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Over the past few years, Miami has emerged as one of the top second-tier recording scenes in the country - a nexus for homegrown talent that's risen from

Over the past few years, Miami has emerged as one of the top second-tier recording scenes in the country – a nexus for homegrown talent that’s risen from its multiethnic neighborhoods, as well as for artists from Central and South America who flock to South Florida for its excellent studios and electric atmosphere. Venezuela-born Jose Blanco, owner of this month’s cover studio, Master House, is emblematic of the new Miami. He came to the city 20 years ago and, through hard work and persistence, has become an integral part of the city’s recording community.

He got his start in Miami recording by earning an internship at Studio Center. The internship evolved into a position as an assistant and then, in time, as an engineer. He left that gig to work as a freelance engineer for a period, but then came back to manage Studio Center for two years. The next stop on his career path was managing the ultrahot South Beach Studios for two years. But while he was immersed in the complex and detail-oriented, studio-management jobs, Blanco also found the time to use his ever-growing connections to work as a part-time rep for Sony Mastering Studios in New York, bringing them clients from Central and South America.

“That turned out to be a great thing for both of us,” Blanco says, “and that put the idea in my head to do something on my own. I had wanted to get into mastering for a while. I like that it’s a finesse thing, a refining thing. And from a business point of view, there was a lack of mastering rooms down here. Coming from an engineering background, and the fact that I’ve managed two studios, gave me the whole package to be able to start up my own studio and hopefully do it the right way.”

Initially, Blanco tried to interest other partners in his venture, but when none of those unions panned out, he went at it alone, hiring the renowned Canadian studio design firm Pilchner Schoustal International to draw up plans for his studio, dubbed Master House, designing some of the furniture and work surfaces himself, and calling on Danny Diaz of Acoustical Components to build the room. “We started building in December of 1999, and we had it finished by June 2000 – pretty fast work,” Blanco says. “Martin [Pilchner] and Rick [Schoustal] did a helluva job! You know, I chose them after seeing some of their work in Mix magazine. I had some ideas of how I wanted the room to look, and when I saw what they had done, I contacted them and it worked out great.”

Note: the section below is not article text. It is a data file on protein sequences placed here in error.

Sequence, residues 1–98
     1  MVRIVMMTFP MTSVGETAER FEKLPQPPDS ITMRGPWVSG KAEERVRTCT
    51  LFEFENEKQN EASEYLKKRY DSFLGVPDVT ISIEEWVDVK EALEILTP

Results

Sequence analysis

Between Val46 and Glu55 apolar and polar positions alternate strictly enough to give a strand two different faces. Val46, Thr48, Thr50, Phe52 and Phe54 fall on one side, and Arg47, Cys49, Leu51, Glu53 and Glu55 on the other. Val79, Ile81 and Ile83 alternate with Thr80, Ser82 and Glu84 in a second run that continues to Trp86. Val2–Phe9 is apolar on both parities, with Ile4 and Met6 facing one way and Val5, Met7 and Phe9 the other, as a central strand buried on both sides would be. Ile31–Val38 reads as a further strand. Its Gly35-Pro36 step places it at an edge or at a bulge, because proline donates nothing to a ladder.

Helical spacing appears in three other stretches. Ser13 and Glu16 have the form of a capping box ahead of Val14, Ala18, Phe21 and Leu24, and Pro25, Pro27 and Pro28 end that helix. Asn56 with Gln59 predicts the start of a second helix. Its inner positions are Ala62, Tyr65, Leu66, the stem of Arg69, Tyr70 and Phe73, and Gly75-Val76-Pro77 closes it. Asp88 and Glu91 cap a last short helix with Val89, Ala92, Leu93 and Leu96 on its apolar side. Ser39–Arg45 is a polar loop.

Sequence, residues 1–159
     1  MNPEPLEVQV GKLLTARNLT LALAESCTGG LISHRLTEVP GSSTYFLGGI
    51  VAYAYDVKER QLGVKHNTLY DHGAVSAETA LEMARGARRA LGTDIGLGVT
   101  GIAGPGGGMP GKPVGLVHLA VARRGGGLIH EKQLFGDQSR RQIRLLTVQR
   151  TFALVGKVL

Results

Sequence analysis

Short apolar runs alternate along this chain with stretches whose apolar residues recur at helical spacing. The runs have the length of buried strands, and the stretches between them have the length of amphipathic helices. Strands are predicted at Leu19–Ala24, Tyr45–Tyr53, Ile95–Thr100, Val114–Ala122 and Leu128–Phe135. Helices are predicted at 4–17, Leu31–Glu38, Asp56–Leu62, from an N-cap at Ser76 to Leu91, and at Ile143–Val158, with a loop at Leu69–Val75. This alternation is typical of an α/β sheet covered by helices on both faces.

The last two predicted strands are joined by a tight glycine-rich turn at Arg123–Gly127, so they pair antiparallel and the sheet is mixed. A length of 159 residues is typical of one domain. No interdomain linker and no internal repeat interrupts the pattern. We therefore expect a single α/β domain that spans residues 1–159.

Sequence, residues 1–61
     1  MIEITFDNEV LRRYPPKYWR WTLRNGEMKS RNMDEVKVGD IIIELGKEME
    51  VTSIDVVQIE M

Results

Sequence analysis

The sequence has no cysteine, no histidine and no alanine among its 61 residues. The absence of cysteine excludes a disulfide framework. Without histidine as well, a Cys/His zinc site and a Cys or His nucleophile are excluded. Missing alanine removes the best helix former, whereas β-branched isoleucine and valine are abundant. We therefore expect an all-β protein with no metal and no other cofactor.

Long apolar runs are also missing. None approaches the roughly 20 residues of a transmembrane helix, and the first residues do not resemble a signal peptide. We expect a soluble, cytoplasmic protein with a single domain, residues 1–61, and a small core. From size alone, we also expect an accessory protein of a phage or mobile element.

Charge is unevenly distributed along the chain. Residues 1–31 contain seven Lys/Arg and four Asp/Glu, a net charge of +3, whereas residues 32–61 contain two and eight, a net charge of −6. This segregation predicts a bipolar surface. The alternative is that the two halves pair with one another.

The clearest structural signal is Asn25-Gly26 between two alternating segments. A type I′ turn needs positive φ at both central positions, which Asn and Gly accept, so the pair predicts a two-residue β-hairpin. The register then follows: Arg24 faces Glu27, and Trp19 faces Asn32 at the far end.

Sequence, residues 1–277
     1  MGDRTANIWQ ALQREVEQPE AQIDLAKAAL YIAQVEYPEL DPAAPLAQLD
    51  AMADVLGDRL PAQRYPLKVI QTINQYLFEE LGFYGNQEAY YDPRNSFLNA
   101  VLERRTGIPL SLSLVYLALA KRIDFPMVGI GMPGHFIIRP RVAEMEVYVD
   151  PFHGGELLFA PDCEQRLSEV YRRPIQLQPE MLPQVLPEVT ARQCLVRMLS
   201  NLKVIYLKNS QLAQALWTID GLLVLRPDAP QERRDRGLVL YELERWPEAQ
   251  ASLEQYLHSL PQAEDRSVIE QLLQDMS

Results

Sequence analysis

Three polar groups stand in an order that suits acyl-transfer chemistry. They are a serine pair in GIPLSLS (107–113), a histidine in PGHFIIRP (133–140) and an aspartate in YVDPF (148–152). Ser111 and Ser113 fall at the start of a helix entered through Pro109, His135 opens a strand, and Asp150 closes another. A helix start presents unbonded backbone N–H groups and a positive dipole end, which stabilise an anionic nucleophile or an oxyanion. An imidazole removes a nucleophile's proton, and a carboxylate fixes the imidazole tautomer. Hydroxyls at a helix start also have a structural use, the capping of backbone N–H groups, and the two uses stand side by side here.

When it came to choosing equipment for the new room, “A lot of the credit has to go to Vlado Miller, who’s a mastering engineer at Sony, who’s been like my coach through the whole thing,” Blanco says. “He’s helped me a lot in part because I used to feed him work. We’ve developed a great relationship through the years. He gave me a lot of advice on what to try out for the gear.”

At the heart of the room are a full-blown Sonic Solutions System and a Crookwood custom mastering console. Other equipment includes Apogee converters, Weiss digital EQ and digital compressor, Waves L2 Maximizer, the Alesis Master Link, Bryston 4B-ST amplifier, Sony and Tascam CD recorders, and Panasonic, Sony and Tascam DATs. Recently, Blanco has been auditioning some high-end analog EQs and compressors, as well.

As for the all-important monitors, Blanco chose Dunlavy SC-4s. “They are awesome,” he comments. “The imaging on the speakers is really great. People sit down and listen to them and they say, `Wow, man, those are amazing.’ I first heard them at Sony, and Vlado highly recommended them for the budget I was in. He came down once to do a Celine Dion album at South Beach where we rigged up our studio as a mastering studio and we rented some Dunlavys, and I was blown away by them.”

So far, Blanco has managed to parlay his industry contacts into a brisk business, primarily with acts from Mexico and South America. He also has found time to do mastering work for the great Miami world music band Inner Circle and various smaller South Florida groups. Though Master House was built to accommodate 5.1 work, “I’m still waiting to see where that’s going in the next couple of years,” Blanco says. For now, Blanco’s priority is getting the word out about the studio and doing the best mastering work he’s capable of.

For more info and photos, check out www.masterhouse